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Dogs and Camping

Discussion in 'Other Camping' started by shopgirl, Aug 5, 2013.

  1. shopgirl

    shopgirl Newbie

    Hey Y'all! Just wanted to get some feedback on if you take your fur babies along with you when you go camping? I have 2 Yorkies and I would like to take them on a camping trip that we have coming up soon. We are staying at a campground in a camper. I just hate leaving them behind when we go out of town. Mostly because I don't have any dependable sources that would be willing to watch them for a few days. I don't like boarding them either. I am just concerned about bringing them because they are SO loud and yappy. They bark at everything :( I also don't know what I would do with them during the day when I want to fish or hang out at the pool, if we had to run an errand to the store, etc. I am unsure if they can just be left in the camper and if they were, I know they would bark the whole entire time. I am really considering buying them no bark collars :( I really hate to go that route but I don't know what else to do. They are my babies! Any suggestions?

  2. Esperahol

    Esperahol Newbie

    I take my dogs hunting, but not generally camping. The only thing is that they've been trained to behave since they were pups - so I don't mind it. Your dogs don't have that and depending on where you camp that can be really irritating for those around you. The choices I see for you are either boarding them or getting the collars - it just isn't fair to the other campers or really yourself otherwise.
  3. shopgirl

    shopgirl Newbie

    Yes I agree. I think I have no choice but to go with the collars :(. I love my dogs but I agree also with you on in taking them it will most likely cause a lot of stress, frustration and aggravation on my part trying to keep up with them. I don't want to disrupt others in the process. I don't do the whole boarding thing. Not crazy about my dogs being caged with very little human interaction for several days in a row and only being let out to do their business. Been there, done that. If I don't go with the collars, maybe between now and then I may be able to find a good pet sitter. Thanks for your reply!! :)
  4. campforums

    campforums Founder Staff Member

    It depends alot on the dog, how well trained they are and where you are camping. It is also more difficult because you have more than one dog.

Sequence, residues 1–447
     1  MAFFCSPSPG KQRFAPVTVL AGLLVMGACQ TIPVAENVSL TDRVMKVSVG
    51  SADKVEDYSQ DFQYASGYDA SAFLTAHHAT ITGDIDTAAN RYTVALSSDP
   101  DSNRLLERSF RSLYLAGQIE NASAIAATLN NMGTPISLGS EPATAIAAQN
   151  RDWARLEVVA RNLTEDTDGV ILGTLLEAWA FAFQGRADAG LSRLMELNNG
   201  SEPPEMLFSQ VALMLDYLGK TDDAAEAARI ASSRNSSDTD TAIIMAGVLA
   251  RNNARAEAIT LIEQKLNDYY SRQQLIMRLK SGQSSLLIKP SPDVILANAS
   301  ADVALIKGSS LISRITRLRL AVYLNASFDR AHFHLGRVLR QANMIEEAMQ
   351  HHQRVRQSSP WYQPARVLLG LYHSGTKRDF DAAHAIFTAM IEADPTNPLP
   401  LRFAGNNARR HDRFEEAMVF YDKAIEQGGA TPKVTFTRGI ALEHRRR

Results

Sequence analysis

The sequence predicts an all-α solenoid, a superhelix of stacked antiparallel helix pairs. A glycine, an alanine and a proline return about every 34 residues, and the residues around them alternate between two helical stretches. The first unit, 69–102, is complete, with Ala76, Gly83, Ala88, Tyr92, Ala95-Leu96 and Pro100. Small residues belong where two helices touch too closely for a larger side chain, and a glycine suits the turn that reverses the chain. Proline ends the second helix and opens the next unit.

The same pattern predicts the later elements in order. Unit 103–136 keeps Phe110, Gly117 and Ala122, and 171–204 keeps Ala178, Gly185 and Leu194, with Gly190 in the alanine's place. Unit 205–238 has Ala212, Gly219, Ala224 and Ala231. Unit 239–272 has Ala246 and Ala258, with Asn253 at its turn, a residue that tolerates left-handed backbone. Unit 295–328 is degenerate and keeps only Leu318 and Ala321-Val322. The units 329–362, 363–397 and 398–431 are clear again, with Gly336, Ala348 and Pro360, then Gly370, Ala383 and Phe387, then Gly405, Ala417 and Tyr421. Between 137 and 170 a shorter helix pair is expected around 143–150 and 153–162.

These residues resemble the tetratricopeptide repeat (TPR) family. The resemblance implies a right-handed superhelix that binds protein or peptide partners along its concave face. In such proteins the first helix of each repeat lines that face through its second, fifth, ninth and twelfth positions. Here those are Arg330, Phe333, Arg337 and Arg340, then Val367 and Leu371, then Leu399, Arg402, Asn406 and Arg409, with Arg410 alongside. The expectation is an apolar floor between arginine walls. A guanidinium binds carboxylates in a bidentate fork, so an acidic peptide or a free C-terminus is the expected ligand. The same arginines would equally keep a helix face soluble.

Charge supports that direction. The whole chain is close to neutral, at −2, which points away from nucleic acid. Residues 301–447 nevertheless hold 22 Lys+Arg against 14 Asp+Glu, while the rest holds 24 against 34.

Some dogs are very sedentary and are okay just lying about on the lawn and can be trusted not to run off however I don't think this is the case for you since most smaller dogs I've seen are the opposite. If you are camping overnight you might also need to worry about where they are going to sleep and if they nails are going to puncture the lining of your tent.
  5. RuthHur

    RuthHur Newbie

    We bring our baby (a half shepherd, half huskie 2 year old) when we go. She's an outdoor dog at home (we live in country), so she doesn't bark at people or other dogs, but she will occasionally bark during her night vigil.

    So far we haven't had complaints, but we go out of our way to choose remote spots for that reason. When we want to visit the spots she can't go (like the public beaches, etc) we either take turns, or tie her to a tree beside the tent (we do this at night as well). Where you're camping, are there primitive or remote spots where your dogs won't bother anyone? Can you dry camp? Will they still bark if the shades are pulled in your camper?

    We don't like boarding either. :(

    I hope you find a good sitter or work something out...even collars if necessary. Hopefully they'll get used to it and it wont be necessary next time- it's super fun when they enjoy it too!
  6. Northern Dancer

    Northern Dancer Survivalist

    Back to dogs...

    I take my dog as often as I can and true you have to think and plan ahead. Reese is well behaved and trained in some of the finer arts of camping. "Leave it" is a command that he has to obey as well as "come" using the word or hand signal. He does come - immediately. He has a vest to identify him, a warm coat should it be cold, and a life jacket when he is in the canoe and occasionally he wears a bear bell.

    I'm going to tell you...there is nothing more campy than your dog snuggling up to you at the end of day an laying his head in your lap while you are watching a crackling campfire.

    If you are dog camping it is understood there is a recognized protocol that one follows - and I do.


    This is Reese - as well behaved as any human camper I've ever met - and sometimes a bit better.
    2sweed likes this.
  7. 2sweed

    2sweed Natural Camper Staff Member

    I would have to agree that having a dog along when going camping is one of the best companions a person can enjoy, as long as, he does not come out of the bushes smelling of skunk or invite one of these big fellows to share your tent.

    bear in tent.jpg
  8. Northern Dancer

    Northern Dancer Survivalist

    You really do have to think about this sort of stuff and be prepared but I really haven't had a lot of trouble with Reese. I can think of some humans that have caused me a lot more grief.
  9. 2sweed

    2sweed Natural Camper Staff Member